Roy Gilbert

Here’s more evidence that even $100,000 starting salaries can’t persuade graduates to sign up to Wall Street’s grueling hours

A man sits on the Wall street bull near the New York Stock Exchange (NYSE) on November 24, 2020 in New York City. Spencer Platt/Getty Images There’s more evidence that would-be junior bankers are put off by Wall Street’s grueling hours.

Graduates are increasingly in favor of better work-life balance, according to a New York Times report.

Insider has previously reported on the junior banker shortage .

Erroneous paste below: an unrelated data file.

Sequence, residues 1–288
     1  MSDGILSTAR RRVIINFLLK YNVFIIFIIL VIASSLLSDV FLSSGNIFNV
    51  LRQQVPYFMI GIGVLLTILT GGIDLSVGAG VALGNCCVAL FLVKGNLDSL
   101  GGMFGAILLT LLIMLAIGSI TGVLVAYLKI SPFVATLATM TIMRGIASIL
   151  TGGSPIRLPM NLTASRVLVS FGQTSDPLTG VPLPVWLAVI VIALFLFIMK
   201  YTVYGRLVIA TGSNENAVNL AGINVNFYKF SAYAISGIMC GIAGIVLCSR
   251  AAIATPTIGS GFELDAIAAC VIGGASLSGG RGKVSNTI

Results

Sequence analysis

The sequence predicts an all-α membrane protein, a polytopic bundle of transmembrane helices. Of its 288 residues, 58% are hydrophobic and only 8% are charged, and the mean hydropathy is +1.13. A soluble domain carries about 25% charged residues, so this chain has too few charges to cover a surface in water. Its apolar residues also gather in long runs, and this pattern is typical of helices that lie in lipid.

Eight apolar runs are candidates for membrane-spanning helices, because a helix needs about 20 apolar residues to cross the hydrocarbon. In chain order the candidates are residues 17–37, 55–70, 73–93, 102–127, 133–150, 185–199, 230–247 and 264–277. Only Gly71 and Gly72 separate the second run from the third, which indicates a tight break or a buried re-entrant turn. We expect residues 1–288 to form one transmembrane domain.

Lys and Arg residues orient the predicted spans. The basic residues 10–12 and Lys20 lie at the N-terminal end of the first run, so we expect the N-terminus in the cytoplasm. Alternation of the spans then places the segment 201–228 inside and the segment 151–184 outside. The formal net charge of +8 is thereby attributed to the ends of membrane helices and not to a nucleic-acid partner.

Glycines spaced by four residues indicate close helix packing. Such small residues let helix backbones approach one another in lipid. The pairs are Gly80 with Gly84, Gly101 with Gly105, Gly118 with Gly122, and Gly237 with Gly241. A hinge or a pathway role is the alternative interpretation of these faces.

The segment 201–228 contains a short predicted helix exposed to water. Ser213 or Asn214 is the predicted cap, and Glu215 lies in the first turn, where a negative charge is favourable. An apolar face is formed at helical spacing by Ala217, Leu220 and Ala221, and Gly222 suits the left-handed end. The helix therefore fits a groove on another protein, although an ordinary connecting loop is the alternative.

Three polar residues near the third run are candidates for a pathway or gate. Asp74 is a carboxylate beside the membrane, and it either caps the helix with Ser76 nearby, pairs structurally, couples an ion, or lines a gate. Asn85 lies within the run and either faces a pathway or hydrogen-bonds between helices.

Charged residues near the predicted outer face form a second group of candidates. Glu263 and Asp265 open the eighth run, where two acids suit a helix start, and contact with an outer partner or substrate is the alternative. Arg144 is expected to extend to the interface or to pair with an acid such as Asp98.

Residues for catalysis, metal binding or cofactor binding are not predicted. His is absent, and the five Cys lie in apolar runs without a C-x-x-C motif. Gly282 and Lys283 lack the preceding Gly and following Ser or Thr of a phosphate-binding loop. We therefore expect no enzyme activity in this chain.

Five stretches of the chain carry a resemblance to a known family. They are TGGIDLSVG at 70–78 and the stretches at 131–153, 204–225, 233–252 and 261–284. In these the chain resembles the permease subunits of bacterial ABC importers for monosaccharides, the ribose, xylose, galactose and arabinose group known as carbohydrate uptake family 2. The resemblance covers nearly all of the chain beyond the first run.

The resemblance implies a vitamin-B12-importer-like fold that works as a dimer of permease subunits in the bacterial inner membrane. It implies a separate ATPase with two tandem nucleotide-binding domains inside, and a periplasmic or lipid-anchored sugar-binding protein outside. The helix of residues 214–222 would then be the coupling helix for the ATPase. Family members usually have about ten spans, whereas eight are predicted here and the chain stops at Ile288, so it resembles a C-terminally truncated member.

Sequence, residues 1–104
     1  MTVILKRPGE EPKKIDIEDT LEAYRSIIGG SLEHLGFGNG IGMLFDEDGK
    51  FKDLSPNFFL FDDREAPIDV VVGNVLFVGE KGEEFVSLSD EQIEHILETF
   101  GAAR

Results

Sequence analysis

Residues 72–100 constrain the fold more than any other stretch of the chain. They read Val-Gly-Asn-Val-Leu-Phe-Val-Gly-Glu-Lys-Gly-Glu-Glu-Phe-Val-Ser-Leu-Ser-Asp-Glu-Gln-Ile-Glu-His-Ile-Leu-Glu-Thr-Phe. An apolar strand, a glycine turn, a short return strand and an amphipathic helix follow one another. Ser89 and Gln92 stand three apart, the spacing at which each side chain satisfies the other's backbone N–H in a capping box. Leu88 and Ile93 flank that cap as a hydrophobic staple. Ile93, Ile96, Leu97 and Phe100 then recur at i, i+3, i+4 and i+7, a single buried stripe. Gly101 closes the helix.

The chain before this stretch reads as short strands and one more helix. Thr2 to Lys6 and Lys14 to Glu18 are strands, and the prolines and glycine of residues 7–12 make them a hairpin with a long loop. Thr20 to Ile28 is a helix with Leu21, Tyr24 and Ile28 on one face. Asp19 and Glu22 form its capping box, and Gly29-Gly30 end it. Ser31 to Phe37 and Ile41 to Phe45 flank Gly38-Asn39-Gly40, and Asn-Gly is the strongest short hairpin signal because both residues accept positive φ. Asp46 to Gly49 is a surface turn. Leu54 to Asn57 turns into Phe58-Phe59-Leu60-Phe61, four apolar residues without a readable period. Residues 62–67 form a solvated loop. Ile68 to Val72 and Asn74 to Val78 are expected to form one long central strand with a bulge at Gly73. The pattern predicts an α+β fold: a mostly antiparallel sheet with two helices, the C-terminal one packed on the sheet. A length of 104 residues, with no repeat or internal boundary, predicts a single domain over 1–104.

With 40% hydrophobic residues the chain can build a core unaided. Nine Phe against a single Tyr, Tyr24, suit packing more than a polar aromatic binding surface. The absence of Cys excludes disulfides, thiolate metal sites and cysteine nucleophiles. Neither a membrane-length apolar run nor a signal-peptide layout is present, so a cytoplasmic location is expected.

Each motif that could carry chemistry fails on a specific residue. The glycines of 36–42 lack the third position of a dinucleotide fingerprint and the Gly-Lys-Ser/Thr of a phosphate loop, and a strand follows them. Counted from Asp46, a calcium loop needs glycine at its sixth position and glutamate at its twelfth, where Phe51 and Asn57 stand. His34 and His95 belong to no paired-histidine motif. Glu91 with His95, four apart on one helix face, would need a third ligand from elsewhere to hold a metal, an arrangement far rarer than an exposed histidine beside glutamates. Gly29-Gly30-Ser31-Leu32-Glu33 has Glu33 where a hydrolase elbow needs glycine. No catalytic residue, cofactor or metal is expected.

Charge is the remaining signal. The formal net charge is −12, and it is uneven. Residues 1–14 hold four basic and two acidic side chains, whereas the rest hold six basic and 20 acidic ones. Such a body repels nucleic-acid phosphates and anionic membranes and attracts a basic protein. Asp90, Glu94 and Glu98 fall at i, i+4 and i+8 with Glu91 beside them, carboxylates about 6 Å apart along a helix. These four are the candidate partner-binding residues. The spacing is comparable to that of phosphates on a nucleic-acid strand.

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There’s more evidence that a six-figure sum is no longer enough to lure novices into the grueling world of Wall Street.The New York Times reported that new and prospective graduates are increasingly unwilling to commit to a career in investment banking, despite starter salaries of $100,000 or higher . The Times spoke to several current and former analysts as well as students pursuing careers.Some do plan to pursue finance careers, but taking up engineering or quant roles rather than investment banking. Another group said that while they still valued the experience of investment banking for their CV, they didn’t want to do the job long term.Vince Iyoriobhe, who joined Bank of America as a rookie analyst, told the Times that he knew conditions would be tough, but would do the job for two years to gain experience before moving onto […]

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